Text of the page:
Archive for the ‘Multi-touch Screen’ Category

The Sonic Window – Video

Here is the video from my installation at the Enterprise Centre in the Queen’s University SU. There’s already posts on this page with photos from the day explaining what the Sonic Window is, but basically its a multi-touch screen which was designed to allow you to explore Virtual Worlds like Second Life through sound.

credit to the voice of Fire Centaur who appears part way through this demo

Sonic Window Installation – May 21st 2008

Today was the big day!  Luckily everything functioned correctly despite the infrared light flooding in from outside.  I really hoped it would be cloudy and rainy today so that the sunlight wouldn’t be an issue but luckily everything worked fine still *phew*.  The installation was done in conjunction with my colleague Adam Scott Neal’s installation entitled ‘Recycled Wind’.  Here are some photos for your viewing pleasure 🙂

Sound Installation – Phase #3

I’m aware that these ‘phase’ names really don’t mean anything but I’ll use them anyway!  This is the current state of my ‘Sonic Window’.  So far it has 10-point multi-touch control and allows you to mix the sounds of 4 different sources with noise.  The idea is that you can’t really see what’s on the other side of the window, and by touching the window you can spread the noisy elements apart from the pitched sound elements and ‘hear’ the world on the other side of the window.

 

Sounds generated in Max/MSP/Jitter 5 and blob tracking is implemented using the cv.jit objects.  The noisy visualisation is done in a program i wrote using Processing.  The man you see very elegantly demo’ing the installation for you is Javier Jaimovich, he too is working on an installation using electronic circuits connected by the metal surfaces of the Sonic Lab.

Software – Reactivision

So, as a quick demo to see whether my set-up is suitable for ‘blob tracking’ I downloaded the open source Reactivision software from the people who make Reactables and apart from a huge white spot in the middle of the screen the system appears to work!! Fingers placed on screen seem to cause bounding rectangles to appear which is a good sign.  The next step is either to rebuild the software for my own sinister purposes…or to just use OSC to get the data into Processing.

It may be a little hard to understand what’s going on here.  The white spot in the middle is probably because my light isn’t diffused properly.  my fingertips are the four small blobs in the bottom left hand corner.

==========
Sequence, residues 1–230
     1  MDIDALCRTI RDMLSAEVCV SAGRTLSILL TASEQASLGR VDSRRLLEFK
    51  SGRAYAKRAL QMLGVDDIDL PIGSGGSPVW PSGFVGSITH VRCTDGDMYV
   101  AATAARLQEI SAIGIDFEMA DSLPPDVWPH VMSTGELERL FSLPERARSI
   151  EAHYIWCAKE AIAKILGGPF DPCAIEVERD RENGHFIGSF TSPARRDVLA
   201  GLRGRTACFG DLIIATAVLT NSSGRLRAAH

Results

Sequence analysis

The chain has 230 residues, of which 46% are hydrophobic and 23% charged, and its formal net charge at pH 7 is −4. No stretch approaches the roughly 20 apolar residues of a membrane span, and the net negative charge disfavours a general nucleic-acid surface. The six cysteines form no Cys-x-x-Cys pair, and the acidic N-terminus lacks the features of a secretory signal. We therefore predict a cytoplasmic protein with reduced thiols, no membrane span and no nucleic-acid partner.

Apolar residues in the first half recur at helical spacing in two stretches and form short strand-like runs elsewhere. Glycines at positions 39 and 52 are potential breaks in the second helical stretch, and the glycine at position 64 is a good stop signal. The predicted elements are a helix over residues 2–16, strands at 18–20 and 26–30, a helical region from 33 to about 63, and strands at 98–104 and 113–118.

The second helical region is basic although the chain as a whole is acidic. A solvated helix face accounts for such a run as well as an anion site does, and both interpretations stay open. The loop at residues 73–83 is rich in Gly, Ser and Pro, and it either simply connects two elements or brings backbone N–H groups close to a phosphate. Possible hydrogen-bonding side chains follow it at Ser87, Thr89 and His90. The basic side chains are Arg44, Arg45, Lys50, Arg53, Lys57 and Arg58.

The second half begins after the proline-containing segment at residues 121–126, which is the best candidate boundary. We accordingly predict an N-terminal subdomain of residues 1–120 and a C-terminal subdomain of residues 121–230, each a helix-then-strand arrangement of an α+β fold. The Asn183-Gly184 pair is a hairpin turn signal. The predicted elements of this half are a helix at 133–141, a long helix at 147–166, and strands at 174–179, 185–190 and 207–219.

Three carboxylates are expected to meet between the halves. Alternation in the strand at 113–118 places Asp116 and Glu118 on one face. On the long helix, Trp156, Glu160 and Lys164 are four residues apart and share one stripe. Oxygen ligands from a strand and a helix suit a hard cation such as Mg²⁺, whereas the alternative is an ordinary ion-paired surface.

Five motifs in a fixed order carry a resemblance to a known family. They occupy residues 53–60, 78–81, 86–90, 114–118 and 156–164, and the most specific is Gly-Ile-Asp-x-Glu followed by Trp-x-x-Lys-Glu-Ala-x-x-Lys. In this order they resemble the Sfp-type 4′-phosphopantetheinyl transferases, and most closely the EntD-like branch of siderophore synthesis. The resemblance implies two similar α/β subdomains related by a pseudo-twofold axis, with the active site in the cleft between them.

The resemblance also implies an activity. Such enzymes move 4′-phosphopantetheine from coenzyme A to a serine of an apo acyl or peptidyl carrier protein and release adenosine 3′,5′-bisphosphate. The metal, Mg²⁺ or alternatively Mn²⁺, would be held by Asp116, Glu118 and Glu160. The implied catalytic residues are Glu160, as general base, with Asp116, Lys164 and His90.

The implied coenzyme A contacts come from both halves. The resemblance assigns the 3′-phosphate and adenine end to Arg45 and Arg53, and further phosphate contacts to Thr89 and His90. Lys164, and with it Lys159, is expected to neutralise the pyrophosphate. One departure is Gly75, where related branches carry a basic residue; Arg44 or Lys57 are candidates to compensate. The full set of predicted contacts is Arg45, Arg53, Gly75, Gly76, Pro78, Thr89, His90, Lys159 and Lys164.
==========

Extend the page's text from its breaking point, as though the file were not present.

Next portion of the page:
World’s most feeble window frame

I never claimed to be a builder, engineer, or good at designing and constructing anything physical.  I’m a musician!  We don’t make promises about things like this.

That said, I had no choice but to build my own frame because this multi-touch screen project needed a window metaphor because the project is called ‘The Sonic Window’.  Here’s an artist’s representation of what i mean.

A mock-up of what i\'m trying to achieve aurally

And here’s my, for lack of a lamer word, feeble attempt at building a window frame.

Note how my intricate design cleverly uses the table edge as a highly secure support.  Very intelligent I know.

 

Multi-touch Screen Phase 2

I’m not entirely sure why i keep referring to this part of the project as ‘phase #2’ but anyway it makes me feel better about where i am in the project and also slightly less panicked about the tiny little issue that it needs to be finished in…1 week!!

So anyway, most everything i learned is from running a fine toothed comb through Google and the forums at the NUI Group which is super helpful and an extremely friendly community of fellow touch-screen builders.  Essentially what i’m building is known as a DI (diffused illumination) table which means that you shine infrared light at a slab of Acrylic with a sheet of translucent material in front of it.  When a user places their fingers on the front surface their fingers reflect the IR light back stronger than the translucent paper does.  From this point you can implement your favourite variety of ‘blob tracking’ using a video camera and a computer.

It\'s vertical because i\'m using a window-esque metaphor for this project